Cymbidium Orchids grow outdoors

Cymbidium orchid

What is Cymbidium orchid?

Cymbidium commonly known as boat orchids, It is native to the tropics of Australia and Asia. Cymbidiums are valued for their long-blooming flowers, which are lovely arrangements as well as corsages that make their dense, waxy petals open in spring and often stay on their stalks for up to two months.

Must have outdoor Orchid

If you’re looking for an orchid variety to grow outdoors, the Cymbidium orchid is probably the best choice you can make. They need a lot of light in order to produce their long sprays of blooms and can tolerate cooler temperatures more so than many other orchid varieties. Cymbidium orchid growing is a good way for beginners to start, especially if they have a plot of protected soil outdoors they want to fill. If you want to take a first step into the world of orchids, look for information about Cymbidium orchid varieties.

Cymbidium orchid care is just as detailed as that of other orchids, but it can be simpler if you already have the right environment at hand. These orchids love bright, cool places with a lot of moisture in the air. Florida winters are ideal, as are the northern states in the summer. The first ingredient you need for successful Cymbidium growing is sunlight. Make sure they are planted where they get full sun during the entire day. If you live in a particularly warm environment, give the flowers shade during the heat of the day. You can tell if they are getting enough sunlight when the leaves are a bright, yellow-green, not a dark green.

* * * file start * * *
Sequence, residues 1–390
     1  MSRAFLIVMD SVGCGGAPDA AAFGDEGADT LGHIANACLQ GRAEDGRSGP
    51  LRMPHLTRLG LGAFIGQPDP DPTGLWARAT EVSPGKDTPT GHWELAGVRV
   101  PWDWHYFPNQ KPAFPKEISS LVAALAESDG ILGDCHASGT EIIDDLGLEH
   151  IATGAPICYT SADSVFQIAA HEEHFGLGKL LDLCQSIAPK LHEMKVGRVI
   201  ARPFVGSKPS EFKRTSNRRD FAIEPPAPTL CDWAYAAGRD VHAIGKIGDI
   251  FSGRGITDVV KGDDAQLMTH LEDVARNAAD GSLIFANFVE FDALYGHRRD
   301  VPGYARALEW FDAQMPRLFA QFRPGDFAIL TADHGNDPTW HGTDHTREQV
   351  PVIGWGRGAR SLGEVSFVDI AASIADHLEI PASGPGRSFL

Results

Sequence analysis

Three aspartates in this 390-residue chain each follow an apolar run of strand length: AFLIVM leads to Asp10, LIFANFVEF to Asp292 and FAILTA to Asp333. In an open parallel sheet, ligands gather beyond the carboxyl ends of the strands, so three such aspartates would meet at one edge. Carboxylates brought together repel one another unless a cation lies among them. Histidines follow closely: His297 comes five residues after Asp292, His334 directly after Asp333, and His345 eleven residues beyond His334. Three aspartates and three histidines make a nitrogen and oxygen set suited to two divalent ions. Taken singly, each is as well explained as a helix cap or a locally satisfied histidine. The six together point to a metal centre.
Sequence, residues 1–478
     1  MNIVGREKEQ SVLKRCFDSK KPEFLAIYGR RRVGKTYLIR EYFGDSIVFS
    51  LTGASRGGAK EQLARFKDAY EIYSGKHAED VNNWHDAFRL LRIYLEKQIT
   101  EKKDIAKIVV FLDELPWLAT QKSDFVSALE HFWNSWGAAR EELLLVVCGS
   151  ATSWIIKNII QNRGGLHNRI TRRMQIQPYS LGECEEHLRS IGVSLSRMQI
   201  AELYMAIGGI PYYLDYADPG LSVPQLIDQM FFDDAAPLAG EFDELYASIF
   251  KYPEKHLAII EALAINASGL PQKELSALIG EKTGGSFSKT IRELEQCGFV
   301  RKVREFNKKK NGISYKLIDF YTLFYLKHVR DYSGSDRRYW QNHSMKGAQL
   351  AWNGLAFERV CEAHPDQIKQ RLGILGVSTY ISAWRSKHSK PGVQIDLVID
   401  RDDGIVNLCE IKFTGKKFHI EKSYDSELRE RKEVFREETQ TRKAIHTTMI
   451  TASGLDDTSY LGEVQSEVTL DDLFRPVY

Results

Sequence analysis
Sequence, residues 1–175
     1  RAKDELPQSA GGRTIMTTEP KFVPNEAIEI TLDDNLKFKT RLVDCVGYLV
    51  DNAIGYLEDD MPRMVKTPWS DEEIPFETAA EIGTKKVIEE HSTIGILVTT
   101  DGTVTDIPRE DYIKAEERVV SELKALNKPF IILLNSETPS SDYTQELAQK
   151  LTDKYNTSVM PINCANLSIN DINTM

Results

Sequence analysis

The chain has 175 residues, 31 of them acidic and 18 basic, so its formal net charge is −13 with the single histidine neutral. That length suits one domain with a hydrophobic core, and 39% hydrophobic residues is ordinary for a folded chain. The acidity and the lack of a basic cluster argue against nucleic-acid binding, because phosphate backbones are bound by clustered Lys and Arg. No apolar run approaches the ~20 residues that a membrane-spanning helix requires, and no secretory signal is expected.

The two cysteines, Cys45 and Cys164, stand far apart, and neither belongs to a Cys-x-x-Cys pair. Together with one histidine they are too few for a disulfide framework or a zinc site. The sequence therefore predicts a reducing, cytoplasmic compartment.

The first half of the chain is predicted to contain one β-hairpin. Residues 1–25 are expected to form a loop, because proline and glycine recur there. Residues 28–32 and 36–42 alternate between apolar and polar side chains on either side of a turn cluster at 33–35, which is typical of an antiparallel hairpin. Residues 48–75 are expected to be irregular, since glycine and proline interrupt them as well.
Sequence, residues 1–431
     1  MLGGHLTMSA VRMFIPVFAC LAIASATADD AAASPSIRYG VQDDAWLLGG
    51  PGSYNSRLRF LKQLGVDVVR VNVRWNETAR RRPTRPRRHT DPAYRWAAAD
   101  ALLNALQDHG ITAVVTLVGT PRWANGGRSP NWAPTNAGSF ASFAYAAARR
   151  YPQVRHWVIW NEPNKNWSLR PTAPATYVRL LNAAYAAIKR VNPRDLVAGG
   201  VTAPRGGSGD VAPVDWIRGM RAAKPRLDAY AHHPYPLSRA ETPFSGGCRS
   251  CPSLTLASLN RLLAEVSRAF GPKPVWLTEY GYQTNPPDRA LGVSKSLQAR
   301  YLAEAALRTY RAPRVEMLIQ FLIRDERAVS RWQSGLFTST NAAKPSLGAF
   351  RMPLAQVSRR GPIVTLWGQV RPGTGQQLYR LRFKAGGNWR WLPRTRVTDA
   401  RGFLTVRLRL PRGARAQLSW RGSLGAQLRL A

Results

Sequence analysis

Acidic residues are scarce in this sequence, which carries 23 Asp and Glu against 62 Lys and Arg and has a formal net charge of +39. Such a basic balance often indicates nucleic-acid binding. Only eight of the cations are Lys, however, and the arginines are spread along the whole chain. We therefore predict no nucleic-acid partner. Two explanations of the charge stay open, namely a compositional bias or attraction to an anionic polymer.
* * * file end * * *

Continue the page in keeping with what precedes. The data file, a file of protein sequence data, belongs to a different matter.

What time of year do cymbidium orchids flower?

The most commonly grown cymbidium orchids bud in winter and flower from May through August and September to produce stunning long-lasting flowers. Try this trick to help bring a Phalaenopsis back into flower. Alternate with cutting the stems down to 3 cm to avoid exhausting the plants.

Cymbidium orchids need good light and a significant lowering in night temperatures during the summer to initiate flower spikes for the following season. Ideally, the temperature differential must be about 14°F (8°C) for a couple of weeks, which is difficult to achieve in the home.

After any danger of frost is over, put the Cymbidium outside in a protected position with dappled shade. Gradually acclimatize it to more light. Watering depends on the weather, but make sure that the plant has good drainage. Placing the pot on a brick helps water to drain away and also deters slugs. Continue to feed the plant with a spring/summer fertilizer until the end of June.

Stop feeding during July, starting again in August, using a fall/winter fertilizer; Cymbidium are not gross feeders and appreciate a break. Bring the plant back indoors before the first frost and place it in a cool location. It is important to acclimatize Cymbidium gradually to an increase in temperature, since too abrupt a change will cause bud drop (see p. 134). To enjoy the flowers in the house as long as possible, wait until the blooms start to open before moving the plant.

Just before the final flower dies, cut the flowering stem carefully with pruning shears or a clean knife, just above a node. Leave about 10–12 in (25–30 cm) of stem. Continue with routine watering and feeding. Often, the node produces a secondary flower spike. If nothing appears after eight to 10 months, try reducing the plant’s ambient temperature by 9°F (5°C) for four weeks. If the cut stem goes brown, remove it near the bottom.

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